October 26, 2017
1 min read

Depression screening alone insufficient for detecting suicide risk

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Screening for depression alone did not accurately identify suicide risk in pediatric inpatient medical units, according to data presented at the American Academy of Child and Adolescent Psychiatry annual meeting.

“In 2016 the Joint Commission recommended that all medical patients be screened for suicide risk. Without specific guidance, many hospitals are screening for suicide risk using depression screening instruments,” Elizabeth C. Lanzillo, BA, of the NIH, and colleagues wrote. “The Patient Health Questionnaire for Adolescents (PHQ-A) is a commonly used depression screen that includes an item purported to measure suicidal ideation (item 9). However, studies suggest that depression screening alone may not be adequate to detect suicide risk.”

To determine if depression screening adequately detected suicide risk in pediatric inpatient medical units, researchers had 400 medical inpatients aged 10 to 21 years complete the PHQ-A, the Ask Suicide-Screening Questions (ASQ), the Suicidal Ideation Questionnaire (SIQ), and a demographics questionnaire. Participants aged 10 to 14 years completed the SIQ-Junior. Participants who scored 11 or higher on the PHQ-A were considered positive for depression and those who endorsed any ASQ items and/or scored above the SIQ/SIQ-JR cut-off score were considered positive for suicide risk.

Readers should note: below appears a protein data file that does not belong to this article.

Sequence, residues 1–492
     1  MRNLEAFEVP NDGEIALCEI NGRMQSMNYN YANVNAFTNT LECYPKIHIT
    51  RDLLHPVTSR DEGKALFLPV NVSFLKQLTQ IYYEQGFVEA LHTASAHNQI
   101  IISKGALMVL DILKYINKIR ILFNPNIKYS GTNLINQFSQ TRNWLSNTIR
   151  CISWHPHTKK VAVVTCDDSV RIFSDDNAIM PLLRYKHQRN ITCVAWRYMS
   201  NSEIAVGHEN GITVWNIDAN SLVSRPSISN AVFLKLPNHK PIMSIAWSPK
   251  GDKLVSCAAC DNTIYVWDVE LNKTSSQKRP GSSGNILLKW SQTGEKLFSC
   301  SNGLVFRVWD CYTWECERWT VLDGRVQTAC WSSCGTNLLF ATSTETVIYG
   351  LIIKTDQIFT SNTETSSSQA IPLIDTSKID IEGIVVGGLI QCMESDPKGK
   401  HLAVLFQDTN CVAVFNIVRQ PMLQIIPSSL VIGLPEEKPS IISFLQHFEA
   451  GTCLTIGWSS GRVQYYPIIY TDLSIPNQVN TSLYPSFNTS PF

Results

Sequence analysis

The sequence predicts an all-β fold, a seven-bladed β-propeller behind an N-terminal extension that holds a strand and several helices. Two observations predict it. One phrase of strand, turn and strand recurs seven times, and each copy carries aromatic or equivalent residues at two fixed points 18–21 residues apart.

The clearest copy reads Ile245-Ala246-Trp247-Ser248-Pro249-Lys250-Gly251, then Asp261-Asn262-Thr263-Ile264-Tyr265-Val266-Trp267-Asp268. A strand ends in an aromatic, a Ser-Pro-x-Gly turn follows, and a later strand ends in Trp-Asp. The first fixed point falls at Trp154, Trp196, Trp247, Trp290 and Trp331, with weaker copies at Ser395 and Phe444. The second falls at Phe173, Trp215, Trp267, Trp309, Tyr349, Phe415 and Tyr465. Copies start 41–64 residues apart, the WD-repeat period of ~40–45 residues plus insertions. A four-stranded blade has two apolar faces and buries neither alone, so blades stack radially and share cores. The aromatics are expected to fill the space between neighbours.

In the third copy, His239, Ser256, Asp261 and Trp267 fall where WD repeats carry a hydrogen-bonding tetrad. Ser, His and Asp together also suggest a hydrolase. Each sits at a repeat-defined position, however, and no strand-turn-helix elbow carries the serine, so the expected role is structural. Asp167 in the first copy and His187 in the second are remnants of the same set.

Overall, 9.8% of participants screened positive for depression only; 4% screened positive for suicide risk only; and 9% screened positive for both depression and suicide risk.

Among participants positive for suicide risk, 37.9% did not screen positive on the PHQ-A and approximately half did not endorse item 9.

Twenty-eight percent of participants who screened negative for depression and on item 9 were considered to be at risk for suicide.

“In this sample, depression screening alone would have failed to detect over one-quarter of youth at risk for suicide,” the researchers wrote. “Although there is clear overlap between depression and suicide risk, some medical patients at risk for suicide may pass through the health care system unrecognized if depression screening is used as a proxy for identifying suicide risk.” – by Amanda Oldt


Lanzillo EC, et al. Detecting suicide risk on pediatric inpatient medical units: Is depression screening enough? Presented at: American Academy of Child and Adolescent Psychiatry annual meeting; Oct. 23-28, 2017; Washington, D.C.

Disclosure: Lanzillo reports no relevant financial disclosures.